Honda’s dynamic duo blow sportsbike title fight wide open
The Blade is better than ever. It’s 90% new, lighter, smaller, with more power and a plethora of rider aids and in SP form it looks stunning, too – and so it should for close to twenty grand.
Over the years, just like me, the Blade has got a little soft, put on a bit of weight, and appeared bulky alongside sharper rivals. But it’s a different story with the new bike. It’s still a Blade, but a much smaller, lighter and thinner one. The position of the bars, seat and pegs doesn’t feel much different from the old model, but the screen is tiny, the frontal area is small, almost like a supersport bike. Down the main straight at Portimao, with the full colour digital dash reading 175mph, I’ve got my bum pushed back against the seat hump as far it will go, with my chin on the fuel cap as I get tucked in.
While it’s fast, the power is useable, the torque linear, and the wheelie happy old Blade has gone. There are no peaks and troughs in the power curve, just continuous drive to the 13,000rpm redline – 750rpm higher than before. On paper the new Blade might be down on peak bhp compared to the competition – unlike some, Honda aren’t boasting the magic 200bhp – but the bike’s designers say you don’t need power, you need control. And this 2017 model makes use of every last pony with superb chassis composure.
At the end of the straight there’s a slight pulse from the ABS through the lever, as the new Brembo calipers eat away at your speed. Unfortunately, the ABS can’t be deactivated and at times was a little intrusive for hard track riding. The clutch lever is dormant once you’ve pulled away, the auto-blipper and the engine brake assist do the work on downshifts, the quickshifter firing in the gears on the ups.
Blade rewards your trust
Hit the apex, knee brushing the track, and you can simply crack the throttle and let the electronics control the wheelspin and hovering wheelies on the exit. It takes a while to trust the electronics, but once you’ve felt them save a slide or control a wheelie you have the confidence to lean on the rider aids, and let them do the head work. They aren’t intrusive, and have been developed to improve your lap times not hinder the fun. If you’re too aggressive with the throttle they will cut in abruptly, but you learn to tickle the edges of grip until the clever electronics help you out as you push past the limit.
You can tweak the rider aids to suit your riding and the conditions. I eventually opted for full power, engine braking on its least intrusive setting, and torque control (traction control to me and you) on its lowest setting. You can even change how rapidly the quickshifter makes its changes. It’s impressive, and (apart from the ABS) you can switch everything off if you wish. The old Blade didn’t have any rider aids, but in a single model update Honda have delivered some of the best on the market. And if you think that is impressive, wait until you get to ride the semi-active Öhlins suspension.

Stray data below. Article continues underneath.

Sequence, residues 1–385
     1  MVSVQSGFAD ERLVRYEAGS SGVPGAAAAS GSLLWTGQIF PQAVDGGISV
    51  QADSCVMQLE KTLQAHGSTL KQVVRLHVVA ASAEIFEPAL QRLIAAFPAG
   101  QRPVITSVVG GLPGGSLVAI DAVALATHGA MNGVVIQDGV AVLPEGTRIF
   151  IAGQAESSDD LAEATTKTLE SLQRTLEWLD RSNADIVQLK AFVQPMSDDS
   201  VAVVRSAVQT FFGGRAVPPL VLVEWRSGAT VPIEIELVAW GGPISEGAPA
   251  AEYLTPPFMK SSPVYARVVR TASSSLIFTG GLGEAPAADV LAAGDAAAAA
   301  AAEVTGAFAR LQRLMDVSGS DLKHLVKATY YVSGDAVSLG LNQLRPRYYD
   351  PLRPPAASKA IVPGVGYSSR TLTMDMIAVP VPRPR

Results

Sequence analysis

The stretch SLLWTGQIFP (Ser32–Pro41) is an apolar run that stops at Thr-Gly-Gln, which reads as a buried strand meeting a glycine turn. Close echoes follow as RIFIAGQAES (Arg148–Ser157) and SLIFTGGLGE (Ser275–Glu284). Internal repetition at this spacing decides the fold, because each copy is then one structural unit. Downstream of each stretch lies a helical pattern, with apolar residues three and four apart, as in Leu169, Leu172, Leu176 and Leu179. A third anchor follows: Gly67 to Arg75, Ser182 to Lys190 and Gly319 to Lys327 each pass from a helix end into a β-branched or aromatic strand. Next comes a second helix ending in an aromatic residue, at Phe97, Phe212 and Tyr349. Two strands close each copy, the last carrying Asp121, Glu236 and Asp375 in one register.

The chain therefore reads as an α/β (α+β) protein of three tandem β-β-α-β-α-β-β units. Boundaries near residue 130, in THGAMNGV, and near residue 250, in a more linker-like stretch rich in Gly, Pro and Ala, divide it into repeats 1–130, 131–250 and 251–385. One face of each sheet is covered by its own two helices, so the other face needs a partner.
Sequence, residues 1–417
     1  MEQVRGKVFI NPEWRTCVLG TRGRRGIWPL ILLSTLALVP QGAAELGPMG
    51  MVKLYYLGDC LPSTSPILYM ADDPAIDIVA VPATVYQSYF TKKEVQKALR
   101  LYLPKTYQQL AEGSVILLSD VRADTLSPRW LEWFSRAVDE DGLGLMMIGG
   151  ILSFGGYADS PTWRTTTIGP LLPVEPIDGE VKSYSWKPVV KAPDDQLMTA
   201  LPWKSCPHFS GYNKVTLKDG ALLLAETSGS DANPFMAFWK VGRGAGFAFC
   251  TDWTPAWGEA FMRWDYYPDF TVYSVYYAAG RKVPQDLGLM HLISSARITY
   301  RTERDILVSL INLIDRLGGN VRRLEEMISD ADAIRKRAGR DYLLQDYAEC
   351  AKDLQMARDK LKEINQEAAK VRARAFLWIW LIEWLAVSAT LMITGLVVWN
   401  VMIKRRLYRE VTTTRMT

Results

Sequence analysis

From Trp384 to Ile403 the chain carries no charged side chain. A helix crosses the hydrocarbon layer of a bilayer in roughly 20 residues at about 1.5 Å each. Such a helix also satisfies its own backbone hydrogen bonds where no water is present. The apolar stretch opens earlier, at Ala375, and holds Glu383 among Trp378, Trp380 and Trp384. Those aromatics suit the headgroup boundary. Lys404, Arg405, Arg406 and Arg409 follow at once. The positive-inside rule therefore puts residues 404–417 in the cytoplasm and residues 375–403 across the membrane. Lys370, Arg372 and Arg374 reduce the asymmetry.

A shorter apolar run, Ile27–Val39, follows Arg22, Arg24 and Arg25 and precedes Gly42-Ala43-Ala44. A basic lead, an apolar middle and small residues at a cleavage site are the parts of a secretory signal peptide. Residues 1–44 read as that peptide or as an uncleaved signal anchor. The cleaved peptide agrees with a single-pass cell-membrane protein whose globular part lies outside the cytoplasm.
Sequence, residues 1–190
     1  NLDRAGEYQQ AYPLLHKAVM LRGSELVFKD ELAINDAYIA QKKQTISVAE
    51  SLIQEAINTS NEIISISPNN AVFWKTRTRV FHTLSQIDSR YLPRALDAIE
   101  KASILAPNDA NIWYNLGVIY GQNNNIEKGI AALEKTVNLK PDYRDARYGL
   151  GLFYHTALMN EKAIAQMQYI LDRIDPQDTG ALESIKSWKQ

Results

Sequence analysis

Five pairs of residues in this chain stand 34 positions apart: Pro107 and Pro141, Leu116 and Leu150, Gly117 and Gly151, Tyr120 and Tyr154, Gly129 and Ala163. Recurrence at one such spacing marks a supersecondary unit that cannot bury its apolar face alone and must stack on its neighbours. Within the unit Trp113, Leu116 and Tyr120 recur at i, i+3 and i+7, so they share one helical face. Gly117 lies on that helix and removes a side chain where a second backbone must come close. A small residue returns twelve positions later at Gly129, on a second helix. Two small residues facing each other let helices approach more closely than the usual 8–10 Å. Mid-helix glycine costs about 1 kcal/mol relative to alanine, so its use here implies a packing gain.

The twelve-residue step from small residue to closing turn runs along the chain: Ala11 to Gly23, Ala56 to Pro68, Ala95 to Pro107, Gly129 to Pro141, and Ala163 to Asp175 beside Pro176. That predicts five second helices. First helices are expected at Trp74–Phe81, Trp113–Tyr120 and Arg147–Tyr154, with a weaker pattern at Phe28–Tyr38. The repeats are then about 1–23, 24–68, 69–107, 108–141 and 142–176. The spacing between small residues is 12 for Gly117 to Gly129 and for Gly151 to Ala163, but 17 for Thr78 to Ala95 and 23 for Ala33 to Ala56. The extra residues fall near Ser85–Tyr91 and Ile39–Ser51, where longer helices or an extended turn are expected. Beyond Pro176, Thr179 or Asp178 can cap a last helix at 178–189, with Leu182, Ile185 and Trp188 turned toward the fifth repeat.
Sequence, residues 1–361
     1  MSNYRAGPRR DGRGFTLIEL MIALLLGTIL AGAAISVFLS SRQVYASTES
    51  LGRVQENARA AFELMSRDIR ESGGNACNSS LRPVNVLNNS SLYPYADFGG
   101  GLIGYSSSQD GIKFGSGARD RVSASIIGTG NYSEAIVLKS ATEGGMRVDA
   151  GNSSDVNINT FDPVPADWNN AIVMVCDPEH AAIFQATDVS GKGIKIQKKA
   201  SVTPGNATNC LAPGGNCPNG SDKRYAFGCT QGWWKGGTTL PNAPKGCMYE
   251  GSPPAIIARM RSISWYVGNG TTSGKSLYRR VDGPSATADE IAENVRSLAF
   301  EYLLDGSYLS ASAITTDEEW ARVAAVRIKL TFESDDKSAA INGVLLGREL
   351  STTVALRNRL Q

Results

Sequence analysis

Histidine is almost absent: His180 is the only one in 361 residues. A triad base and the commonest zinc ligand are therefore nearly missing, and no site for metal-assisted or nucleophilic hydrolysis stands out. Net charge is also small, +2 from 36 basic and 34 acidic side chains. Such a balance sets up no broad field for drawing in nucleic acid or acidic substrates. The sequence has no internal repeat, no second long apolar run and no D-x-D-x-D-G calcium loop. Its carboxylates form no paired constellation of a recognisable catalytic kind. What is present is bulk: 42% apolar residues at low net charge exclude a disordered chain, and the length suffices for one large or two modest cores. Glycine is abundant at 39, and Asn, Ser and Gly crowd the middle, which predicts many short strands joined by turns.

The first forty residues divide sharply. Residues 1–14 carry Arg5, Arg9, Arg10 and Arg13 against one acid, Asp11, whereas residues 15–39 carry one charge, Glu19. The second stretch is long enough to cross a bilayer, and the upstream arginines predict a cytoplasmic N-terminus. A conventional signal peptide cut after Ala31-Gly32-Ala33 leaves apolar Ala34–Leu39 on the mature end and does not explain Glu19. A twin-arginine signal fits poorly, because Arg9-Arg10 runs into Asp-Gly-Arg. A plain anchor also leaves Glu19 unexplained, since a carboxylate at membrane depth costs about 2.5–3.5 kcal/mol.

Honda have three pre-set semi active settings: A1 for track, A2 for fast road, and A3 for comfort. As we rode the new Blade on track (on Bridgestone slicks) we focused on the A1 semi-active track setting. In this mode there is a default set of parameters, but you can tailor them to personalise the suspension. This is when most people switch off as suspension set-up can be confusing, but Honda have made it easy.
You can improve the suspension in four ways: General, Brake, Corner and Acceleration. Within each of these categories displayed on the dash you can change to plus 5 or minus 5. For example: if you want improved braking support you add, if you require better acceleration add again. If that is too much you can reduce it again, while Corner mode helps the bike through fast direction changes. You can change these settings while on track but I preferred to come in, select my changes, and head back out again before the slicks had time to cool. In a 45-minute session I was in and out of the pits seven times trying different settings, and if you make a mess of it, it doesn’t matter – simply revert to the Honda defaults, which actually work really well.
And for those who still want to adjust their suspension using conventional parameters, Honda have created three standard modes: M1 Track, M2 Winding and M3 Street. You can add and reduce compression and rebound in 5% increments, and again there is a default setting if you get it wrong. In manual mode the suspension is not semi-active, but you can still make adjustments on the move.
To think the old bike had no rider aids and had remained essentially unchanged since 2008, this is a big step forwards for the Blade.
‘There are no peaks and troughs, just continuous drive to the redline’
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